In both markets, each digital experience needs to cater for multiple origination journeys too, depending on whether it’s designed for a consumer or business customer. Within these journeys are also different types of finance—such as lending, PCP, and hire purchase. But crucially, all of these are subtly different products, and all contribute to greater complexity in the market.
As consumers shift to online purchasing, building convenient digital finance experiences that cater to all these products will be a major differentiator for brands. And there’s potential for these experiences to become just as important as the vehicles themselves.
This idea is especially clear in the electric vehicle market. The market is currently led by Tesla, a digital-first giant that offers few models of its vehicles but heavily prioritises seamless online purchasing experiences for its customers. And this mentality is quickly setting a standard for traditional automotive brands to reach as more compete in this market.
As industry expert Simon Oldfield explained at our recent roundtable: “With electric cars, there’s less to differentiate on. You don’t have different engines or characteristics to choose between. Instead, the differentiator is in the personality of the brand […] and a big part of that is the quality of the customer’s interaction online and with your finance company.”
To stand out in the automotive industry over the next few years, brands will need to adopt a new way of thinking and embrace the changes happening in the market today. And part of that will involve designing engaging digital experiences.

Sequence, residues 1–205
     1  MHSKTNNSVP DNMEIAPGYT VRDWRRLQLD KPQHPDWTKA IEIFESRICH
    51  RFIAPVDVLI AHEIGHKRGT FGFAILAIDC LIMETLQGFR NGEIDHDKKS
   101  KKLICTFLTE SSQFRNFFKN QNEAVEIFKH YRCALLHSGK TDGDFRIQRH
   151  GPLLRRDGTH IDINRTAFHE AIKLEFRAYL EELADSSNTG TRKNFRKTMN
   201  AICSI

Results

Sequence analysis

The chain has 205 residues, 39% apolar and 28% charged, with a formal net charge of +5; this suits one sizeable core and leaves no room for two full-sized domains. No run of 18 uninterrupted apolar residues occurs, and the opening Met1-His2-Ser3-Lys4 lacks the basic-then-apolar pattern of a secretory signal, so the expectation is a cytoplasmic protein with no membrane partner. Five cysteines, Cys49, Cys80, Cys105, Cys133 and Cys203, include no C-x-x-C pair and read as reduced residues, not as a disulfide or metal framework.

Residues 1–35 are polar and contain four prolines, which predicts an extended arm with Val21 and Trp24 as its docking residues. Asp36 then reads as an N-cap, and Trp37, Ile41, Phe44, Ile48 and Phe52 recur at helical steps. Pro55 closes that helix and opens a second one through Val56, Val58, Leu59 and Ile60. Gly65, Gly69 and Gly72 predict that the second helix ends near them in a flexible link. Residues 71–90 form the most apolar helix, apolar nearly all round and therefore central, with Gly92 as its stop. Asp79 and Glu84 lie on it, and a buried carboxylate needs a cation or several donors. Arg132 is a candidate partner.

A chance to get closer to the end consumer
The finance providers and dealerships that deliver seamless, consistent, and intuitive experiences for all types of customers will ultimately be able to build greater connections with end consumers. And, crucially, own more of the customer journey.
But it’ll require finance providers to create more flexibility in their online applications—and find the right partner that’s agile enough to help them evolve their applications as the market changes.
This will mean building faster, more convenient application processes tailored to specific customers and complete with unique origination journeys for different segments.
For example, personal customers and sole traders will look for user-friendly features such as finance calculators to offer a clear picture of the agreement they’re making. On the other hand, the application journey for business customers will require seamless connections to third parties such as Companies House to capture their information effortlessly and allow lenders to make quick decisions.
These unique origination journeys will also need to be combined with additional options that cater to all customer needs—from insurance and tax to servicing and collection. And forward-thinking providers will need to build in the scope to expand these add-ons as the market evolves.
While it’s a lot to deliver on, the finance providers that will be able to unite all these factors in a consistent online purchasing experience will stand out in the market, and inevitably win and retain more customers.